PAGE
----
Jonathan Levine’s Warm Bodies is a near-perfect genre-changer with an incredible amount of heart, charm and comedy. Warm Bodies successfully manages to blend zombies and romance to make for one unique film that’s bursting with creativity. Levine’s sincere direction, mixed with Nicholas Hoult and Teresa Palmer’s performances makes Warm Bodies one of the year’s most memorable films so far.
R (Nicholas Hoult) is a zombie. He slouches when he walks and he craves the gooey parts of the human brain just like every other walking corpse, but he’s also very different. He feels; he has actual thoughts and eventually he falls in love with a living human named Julie (Teresa Palmer). R soon realizes that Julie has somehow kick-started his heart, causing him to turn more and more into a human whenever he’s around her.
Things get more interesting when R realizes that this sudden change in heart isn’t just effecting him, but also fellow zombies. Has R and Julie found a cure to the walking dead or is R too far gone to be saved?
Jonathan Levine’s Warm Bodies is a genre-changer that is certainly going to be remembered for years to come. It goes against all rational ways of thinking and manages to turn a zombie film into a romance with a lot of great comedy. All of these ingredients sound like a recipe for a disaster when combined, but somehow Levine makes it work.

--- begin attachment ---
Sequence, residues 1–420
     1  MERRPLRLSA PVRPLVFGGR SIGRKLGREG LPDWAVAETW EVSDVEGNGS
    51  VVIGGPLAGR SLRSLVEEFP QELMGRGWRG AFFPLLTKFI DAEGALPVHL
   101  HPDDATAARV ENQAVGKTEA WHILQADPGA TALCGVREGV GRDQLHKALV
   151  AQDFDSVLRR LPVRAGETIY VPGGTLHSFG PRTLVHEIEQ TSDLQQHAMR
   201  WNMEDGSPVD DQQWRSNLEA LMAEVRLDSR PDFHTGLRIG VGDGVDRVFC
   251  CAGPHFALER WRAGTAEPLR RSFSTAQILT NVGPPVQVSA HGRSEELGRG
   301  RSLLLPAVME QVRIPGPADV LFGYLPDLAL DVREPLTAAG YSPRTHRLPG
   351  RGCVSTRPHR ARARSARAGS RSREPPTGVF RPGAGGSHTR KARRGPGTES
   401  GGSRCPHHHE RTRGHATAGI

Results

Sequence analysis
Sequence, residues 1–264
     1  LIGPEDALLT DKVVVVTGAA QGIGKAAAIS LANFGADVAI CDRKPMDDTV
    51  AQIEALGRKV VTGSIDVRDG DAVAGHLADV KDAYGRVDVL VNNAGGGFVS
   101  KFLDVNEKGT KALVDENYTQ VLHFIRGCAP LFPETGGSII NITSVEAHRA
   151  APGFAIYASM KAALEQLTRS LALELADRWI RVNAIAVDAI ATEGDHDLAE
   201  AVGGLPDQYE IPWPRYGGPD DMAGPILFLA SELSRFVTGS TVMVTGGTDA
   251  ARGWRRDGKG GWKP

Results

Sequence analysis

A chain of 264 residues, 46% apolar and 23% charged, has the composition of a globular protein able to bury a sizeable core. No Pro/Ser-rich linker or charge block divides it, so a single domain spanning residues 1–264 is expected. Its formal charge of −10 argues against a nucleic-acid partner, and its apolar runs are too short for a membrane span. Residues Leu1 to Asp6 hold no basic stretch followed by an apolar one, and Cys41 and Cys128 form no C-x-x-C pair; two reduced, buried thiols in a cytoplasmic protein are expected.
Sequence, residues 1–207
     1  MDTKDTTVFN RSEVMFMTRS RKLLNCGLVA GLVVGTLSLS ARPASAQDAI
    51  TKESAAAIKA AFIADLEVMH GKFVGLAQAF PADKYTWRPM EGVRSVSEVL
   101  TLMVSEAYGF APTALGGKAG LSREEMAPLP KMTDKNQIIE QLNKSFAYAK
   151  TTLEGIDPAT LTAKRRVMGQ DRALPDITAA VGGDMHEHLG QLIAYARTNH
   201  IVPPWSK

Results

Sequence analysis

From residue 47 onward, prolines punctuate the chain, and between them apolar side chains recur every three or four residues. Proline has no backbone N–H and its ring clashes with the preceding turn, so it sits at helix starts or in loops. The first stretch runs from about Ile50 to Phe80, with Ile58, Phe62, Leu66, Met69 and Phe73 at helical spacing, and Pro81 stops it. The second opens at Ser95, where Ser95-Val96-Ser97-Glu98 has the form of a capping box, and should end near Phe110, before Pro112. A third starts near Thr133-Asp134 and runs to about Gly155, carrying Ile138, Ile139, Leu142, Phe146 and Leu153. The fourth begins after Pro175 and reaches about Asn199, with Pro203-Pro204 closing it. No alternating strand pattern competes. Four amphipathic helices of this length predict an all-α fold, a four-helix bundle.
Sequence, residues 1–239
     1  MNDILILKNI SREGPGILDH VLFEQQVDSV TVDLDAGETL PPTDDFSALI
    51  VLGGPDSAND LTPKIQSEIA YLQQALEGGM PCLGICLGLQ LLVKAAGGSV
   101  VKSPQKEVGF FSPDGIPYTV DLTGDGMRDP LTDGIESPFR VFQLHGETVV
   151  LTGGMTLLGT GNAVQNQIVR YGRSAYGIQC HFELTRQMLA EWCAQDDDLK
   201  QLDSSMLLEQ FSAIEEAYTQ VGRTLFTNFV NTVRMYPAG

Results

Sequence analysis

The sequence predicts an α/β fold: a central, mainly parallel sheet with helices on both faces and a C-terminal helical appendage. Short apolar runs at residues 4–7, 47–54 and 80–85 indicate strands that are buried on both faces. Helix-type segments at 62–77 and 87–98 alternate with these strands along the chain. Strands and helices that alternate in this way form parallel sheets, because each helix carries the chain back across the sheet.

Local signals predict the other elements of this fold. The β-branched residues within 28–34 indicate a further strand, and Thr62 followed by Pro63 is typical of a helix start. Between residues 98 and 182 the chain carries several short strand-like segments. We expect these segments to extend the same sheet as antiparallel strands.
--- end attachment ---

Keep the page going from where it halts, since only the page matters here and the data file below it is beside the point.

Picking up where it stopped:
Levine’s known for being a director with lots of range and a really strong eye for telling human stories that focus heavily on a core relationship. Warm Bodies is his most accessible film yet, allowing him to expand his scope, while still remaining anchored on one specific relationship to drive the film. R and Julie make up that relationship and together they make Warm Bodies a charming and creative film that has never really been done before.
Warm Bodies functions outside the realms of traditional zombie and romance films. It’s a hybrid that works within its own set of established rules. By doing this Levine allows for the film to truly grow in front of your eyes, both in terms of story and character building. R and Julie are two fully realized characters, thanks to Levine as a director and storyteller and Nicholas Hoult and Teresa Palmer as gifted young individuals that not only make you like R and Julie, but also make you cheer for them.
Their relationship is the vital piece of the film and luckily Levine was able to grab such gifted performers to give the film its unique beating heart. Warm Bodies has a lot of heart and a lot of charm. It balances out in terms of how it dishes it out. It’s a film that appeals to both old and young audiences, because the universal theme of wanting to be in love or falling madly in love seems to touch just about all walks of life. The zombie element definitely spices things up and adds yet another theme of feeling alone or lost in a confusing world, but if you strip everything away you’re still left with a story of romance.